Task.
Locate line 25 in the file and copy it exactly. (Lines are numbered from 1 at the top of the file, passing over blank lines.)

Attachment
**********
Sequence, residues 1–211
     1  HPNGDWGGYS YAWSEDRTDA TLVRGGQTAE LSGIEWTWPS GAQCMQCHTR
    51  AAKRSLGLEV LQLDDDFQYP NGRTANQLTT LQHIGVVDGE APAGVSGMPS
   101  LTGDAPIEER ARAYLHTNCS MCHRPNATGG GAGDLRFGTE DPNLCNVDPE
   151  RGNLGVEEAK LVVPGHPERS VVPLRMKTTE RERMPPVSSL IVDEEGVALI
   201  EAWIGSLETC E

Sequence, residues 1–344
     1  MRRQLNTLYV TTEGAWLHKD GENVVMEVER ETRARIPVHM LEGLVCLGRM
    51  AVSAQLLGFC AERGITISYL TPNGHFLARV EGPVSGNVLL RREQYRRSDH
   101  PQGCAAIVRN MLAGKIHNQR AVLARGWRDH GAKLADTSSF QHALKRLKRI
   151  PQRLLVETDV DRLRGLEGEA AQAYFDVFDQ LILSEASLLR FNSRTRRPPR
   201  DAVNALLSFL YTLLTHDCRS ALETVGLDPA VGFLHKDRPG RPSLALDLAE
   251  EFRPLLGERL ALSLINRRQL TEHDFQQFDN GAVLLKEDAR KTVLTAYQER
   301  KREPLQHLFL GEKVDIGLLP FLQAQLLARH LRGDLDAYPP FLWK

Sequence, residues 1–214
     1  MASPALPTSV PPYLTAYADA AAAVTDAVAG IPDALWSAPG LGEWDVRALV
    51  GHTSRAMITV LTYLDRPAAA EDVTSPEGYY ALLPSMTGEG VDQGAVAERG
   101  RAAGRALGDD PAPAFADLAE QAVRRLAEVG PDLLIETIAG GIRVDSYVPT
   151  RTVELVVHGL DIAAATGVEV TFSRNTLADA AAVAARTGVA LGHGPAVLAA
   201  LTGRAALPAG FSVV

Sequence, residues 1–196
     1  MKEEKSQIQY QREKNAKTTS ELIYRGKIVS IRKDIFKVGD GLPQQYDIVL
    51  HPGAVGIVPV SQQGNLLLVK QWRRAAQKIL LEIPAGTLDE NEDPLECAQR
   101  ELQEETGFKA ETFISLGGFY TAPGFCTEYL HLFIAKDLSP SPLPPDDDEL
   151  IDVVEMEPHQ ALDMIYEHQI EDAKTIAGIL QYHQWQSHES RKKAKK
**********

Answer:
   151  IDVVEMEPHQ ALDMIYEHQI EDAKTIAGIL QYHQWQSHES RKKAKK